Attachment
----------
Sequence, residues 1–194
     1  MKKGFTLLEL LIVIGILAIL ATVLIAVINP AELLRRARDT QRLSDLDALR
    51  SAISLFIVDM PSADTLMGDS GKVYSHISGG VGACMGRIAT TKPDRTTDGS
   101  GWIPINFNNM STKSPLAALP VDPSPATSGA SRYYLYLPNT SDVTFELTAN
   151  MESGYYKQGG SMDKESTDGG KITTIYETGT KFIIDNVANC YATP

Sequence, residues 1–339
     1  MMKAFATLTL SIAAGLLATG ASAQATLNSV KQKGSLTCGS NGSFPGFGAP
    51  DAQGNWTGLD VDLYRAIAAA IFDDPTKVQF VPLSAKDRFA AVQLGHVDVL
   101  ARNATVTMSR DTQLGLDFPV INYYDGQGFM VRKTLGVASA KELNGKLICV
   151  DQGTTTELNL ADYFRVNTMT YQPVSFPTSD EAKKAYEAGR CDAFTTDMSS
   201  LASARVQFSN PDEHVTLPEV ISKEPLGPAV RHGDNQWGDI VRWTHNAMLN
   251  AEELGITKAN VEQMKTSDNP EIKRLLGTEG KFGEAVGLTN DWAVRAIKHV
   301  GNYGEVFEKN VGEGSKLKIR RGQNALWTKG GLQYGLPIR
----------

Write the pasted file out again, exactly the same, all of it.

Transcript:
Sequence, residues 1–194
     1  MKKGFTLLEL LIVIGILAIL ATVLIAVINP AELLRRARDT QRLSDLDALR
    51  SAISLFIVDM PSADTLMGDS GKVYSHISGG VGACMGRIAT TKPDRTTDGS
   101  GWIPINFNNM STKSPLAALP VDPSPATSGA SRYYLYLPNT SDVTFELTAN
   151  MESGYYKQGG SMDKESTDGG KITTIYETGT KFIIDNVANC YATP

Sequence, residues 1–339
     1  MMKAFATLTL SIAAGLLATG ASAQATLNSV KQKGSLTCGS NGSFPGFGAP
    51  DAQGNWTGLD VDLYRAIAAA IFDDPTKVQF VPLSAKDRFA AVQLGHVDVL
   101  ARNATVTMSR DTQLGLDFPV INYYDGQGFM VRKTLGVASA KELNGKLICV
   151  DQGTTTELNL ADYFRVNTMT YQPVSFPTSD EAKKAYEAGR CDAFTTDMSS
   201  LASARVQFSN PDEHVTLPEV ISKEPLGPAV RHGDNQWGDI VRWTHNAMLN
   251  AEELGITKAN VEQMKTSDNP EIKRLLGTEG KFGEAVGLTN DWAVRAIKHV
   301  GNYGEVFEKN VGEGSKLKIR RGQNALWTKG GLQYGLPIR